Dentists Disagree On Proper Brushing Technique



Brushing teeth is an important part of yourpatients dental care routine for a healthy mouth and smile. Dentists, are you giving your patients good advice on how to brush teeth properly? It may surprise you but this supposedly simple advice has become inconsistent between many dentists and associations, research shows.

The study, published in the British Dental Journal, looked at the brushing advice given by dental associations across 10 countries, toothpaste and toothbrush companies and in dental textbooks. They found a wide range of recommendations on what brushing method to use, how often to brush and for how long. The researchers found no clear consensus between the various sources, and a worrying lack of agreement between advice from dental associations compared with dental textbooks.

"The public needs to have sound information on the best method to brush their teeth," says Aubrey Sheiham, Emeritus Professor of Dental Public Health (UCL Epidemiology & Public Health) and senior author of the study. "If people hear one thing from a dental association, another from a toothbrush company and something else from their dentist, no wonder they are confused about how to brush. In this study we found an unacceptably inconsistent array of advice from different sources.

"Dental associations need to be consistent about what method to recommend, based on how effective the method is. Most worryingly, the methods recommended by dental associations are not the same as the best ones mentioned in dental textbooks. There is no evidence to suggest that complicated techniques are any better than a simple gentle scrub."

The most commonly-recommended technique involves gently jiggling the brush back and forth in small motions, with the intention of shaking loose any food particles, plaque and bacteria. However, no large-scale studies have ever shown this method to be any more effective than basic scrubbing.

"Brush gently with a simple horizontal scrubbing motion, with the brush at a forty-five degree angle to get to the dental plaque," Professor Sheiham advises. "To avoid brushing too hard, hold the brush with a pencil grip rather than a fist. This simple method is perfectly effective at keeping your gums healthy. There is little point in brushing after eating sweets or sugary drinks to prevent tooth decay. It takes bacteria from food about two minutes to start producing acid, so if you brush your teeth a few minutes after eating sugary foods, the acid will have damaged the enamel."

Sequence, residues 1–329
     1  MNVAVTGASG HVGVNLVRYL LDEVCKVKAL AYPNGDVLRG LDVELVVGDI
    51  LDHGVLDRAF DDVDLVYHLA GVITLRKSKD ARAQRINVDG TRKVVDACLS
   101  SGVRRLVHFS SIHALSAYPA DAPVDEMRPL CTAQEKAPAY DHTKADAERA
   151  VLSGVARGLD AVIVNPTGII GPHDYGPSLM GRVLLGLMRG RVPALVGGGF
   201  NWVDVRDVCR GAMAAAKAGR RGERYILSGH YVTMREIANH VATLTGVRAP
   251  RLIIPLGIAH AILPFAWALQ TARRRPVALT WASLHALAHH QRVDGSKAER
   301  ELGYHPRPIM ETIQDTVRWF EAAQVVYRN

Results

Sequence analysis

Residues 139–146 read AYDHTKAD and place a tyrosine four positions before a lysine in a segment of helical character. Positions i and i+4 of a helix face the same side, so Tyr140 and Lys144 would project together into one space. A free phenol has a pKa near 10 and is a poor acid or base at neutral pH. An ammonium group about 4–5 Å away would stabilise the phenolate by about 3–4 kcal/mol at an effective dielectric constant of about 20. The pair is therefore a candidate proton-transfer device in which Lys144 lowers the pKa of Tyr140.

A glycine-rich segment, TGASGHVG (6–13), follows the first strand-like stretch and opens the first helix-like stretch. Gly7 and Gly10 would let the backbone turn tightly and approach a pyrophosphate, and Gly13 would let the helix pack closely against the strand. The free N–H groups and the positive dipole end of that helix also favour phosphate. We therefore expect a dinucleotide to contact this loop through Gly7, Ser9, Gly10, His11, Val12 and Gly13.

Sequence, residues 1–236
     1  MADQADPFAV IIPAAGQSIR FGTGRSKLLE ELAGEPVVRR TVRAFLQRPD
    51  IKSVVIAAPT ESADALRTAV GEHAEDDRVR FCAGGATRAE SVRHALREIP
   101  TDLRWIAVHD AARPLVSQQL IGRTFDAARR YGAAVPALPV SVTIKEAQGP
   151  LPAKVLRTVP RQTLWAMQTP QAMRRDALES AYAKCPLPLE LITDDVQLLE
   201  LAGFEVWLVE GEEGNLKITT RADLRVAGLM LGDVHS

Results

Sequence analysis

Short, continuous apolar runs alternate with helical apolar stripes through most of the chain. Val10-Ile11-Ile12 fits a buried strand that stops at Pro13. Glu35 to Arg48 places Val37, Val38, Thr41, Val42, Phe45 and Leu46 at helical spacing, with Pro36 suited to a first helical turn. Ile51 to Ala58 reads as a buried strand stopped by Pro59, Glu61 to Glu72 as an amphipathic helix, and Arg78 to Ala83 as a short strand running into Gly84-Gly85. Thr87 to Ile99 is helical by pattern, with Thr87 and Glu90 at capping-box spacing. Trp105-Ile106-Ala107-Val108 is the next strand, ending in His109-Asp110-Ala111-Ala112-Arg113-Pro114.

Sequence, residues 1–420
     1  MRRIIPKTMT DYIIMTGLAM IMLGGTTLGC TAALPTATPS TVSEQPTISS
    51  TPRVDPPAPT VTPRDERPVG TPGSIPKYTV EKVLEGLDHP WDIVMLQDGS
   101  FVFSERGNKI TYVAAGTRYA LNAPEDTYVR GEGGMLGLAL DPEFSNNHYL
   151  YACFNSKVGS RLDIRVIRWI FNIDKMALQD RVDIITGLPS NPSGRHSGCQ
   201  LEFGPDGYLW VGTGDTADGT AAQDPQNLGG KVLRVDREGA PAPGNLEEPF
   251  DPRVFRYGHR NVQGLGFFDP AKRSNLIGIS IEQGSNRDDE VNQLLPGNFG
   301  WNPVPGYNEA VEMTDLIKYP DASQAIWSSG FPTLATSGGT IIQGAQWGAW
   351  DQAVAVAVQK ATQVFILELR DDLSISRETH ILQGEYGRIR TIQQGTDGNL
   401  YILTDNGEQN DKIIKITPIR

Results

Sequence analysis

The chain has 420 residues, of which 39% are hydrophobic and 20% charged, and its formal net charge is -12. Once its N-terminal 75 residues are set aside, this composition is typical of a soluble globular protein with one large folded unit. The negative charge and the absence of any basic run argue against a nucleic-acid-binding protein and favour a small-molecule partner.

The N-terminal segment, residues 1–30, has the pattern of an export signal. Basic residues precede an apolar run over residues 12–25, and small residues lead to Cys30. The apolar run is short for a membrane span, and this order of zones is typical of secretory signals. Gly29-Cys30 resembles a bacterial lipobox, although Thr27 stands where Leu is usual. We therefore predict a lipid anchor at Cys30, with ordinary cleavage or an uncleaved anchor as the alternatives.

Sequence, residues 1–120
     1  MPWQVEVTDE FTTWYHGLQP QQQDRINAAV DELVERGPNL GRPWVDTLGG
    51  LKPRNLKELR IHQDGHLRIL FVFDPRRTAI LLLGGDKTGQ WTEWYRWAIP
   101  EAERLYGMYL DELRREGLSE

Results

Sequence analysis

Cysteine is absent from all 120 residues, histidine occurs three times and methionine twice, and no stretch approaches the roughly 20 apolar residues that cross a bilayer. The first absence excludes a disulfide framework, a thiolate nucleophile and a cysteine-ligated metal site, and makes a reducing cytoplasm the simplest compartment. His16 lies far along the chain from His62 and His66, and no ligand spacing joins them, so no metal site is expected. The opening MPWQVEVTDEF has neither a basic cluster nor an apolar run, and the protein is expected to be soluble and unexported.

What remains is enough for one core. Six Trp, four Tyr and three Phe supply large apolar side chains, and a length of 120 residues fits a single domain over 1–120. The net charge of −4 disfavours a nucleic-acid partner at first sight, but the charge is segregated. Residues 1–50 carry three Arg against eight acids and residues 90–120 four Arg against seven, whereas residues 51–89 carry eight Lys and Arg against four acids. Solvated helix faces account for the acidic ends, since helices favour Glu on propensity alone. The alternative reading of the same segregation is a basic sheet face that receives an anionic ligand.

The conflicting messages given by different organizations highlight the need for research into how effective different brushing methods are. At present, the expert advice in the guidelines, recommend a simple scrubbing technique as it is easy to learn and there is no evidence to justify a more complicated method.

"The wide range of recommendations we found is likely due to the lack of strong evidence suggesting that one method is conclusively better than another," says lead author Dr John Wainwright, who carried out the study at UCL and is now a practicing dentist. "I advise my patients to focus their brushing on areas where plaque is most likely to collect - the biting surfaces and where the teeth and gums meet - and to use a gentle scrubbing motion. All too frequently I am asked why the method I am describing differs from how previous dentists have taught them in the past. What I feel we need is better research into what the easiest to learn, most effective and safest way to brush is. The current situation where not just individual dentists, but different dental organizations worldwide are all issuing different brushing guidelines isn't just confusing - it's undermining faith and trust in the profession as a whole. For something most people do twice a day, you would expect dentists to send a clearer, more unified message to their patients on how to brush their teeth."

The American Dental Associations Recommendation

The ADA recommends you:

  • Brush your teeth twice a day with a soft-bristled brush. The size and shape of your brush should fit your mouth allowing you to reach all areas easily.

  • Replace your toothbrush every three or four months or sooner if the bristles are frayed. A worn toothbrush wont do a good job of cleaning your teeth.


The proper brushing technique is to:

  • Place your toothbrush at a 45-degree angle to the gums.

  • Gently move the brush back and forth in short (tooth-wide) strokes.

  • Brush the outer surfaces, the inner surfaces, and the chewing surfaces of the teeth.

  • To clean the inside surfaces of the front teeth, tilt the brush vertically and make several up-and-down strokes.

  • Brush your tongue to remove bacteria and keep your breath fresh.


Brushing teeth is only a part of your patients completedental care routine. You should also make sure to recommend to:

  • Clean between teeth daily with floss. Tooth decay-causing bacteria still linger between teeth where toothbrush bristles cant reach. This helps remove plaque and food particles from between the teeth and under the gum line.

  • Eat a balanced diet and limit between-meal snacks.

  • Encourage them to visit their dentist regularly for professional cleanings and oral exams.


 

 

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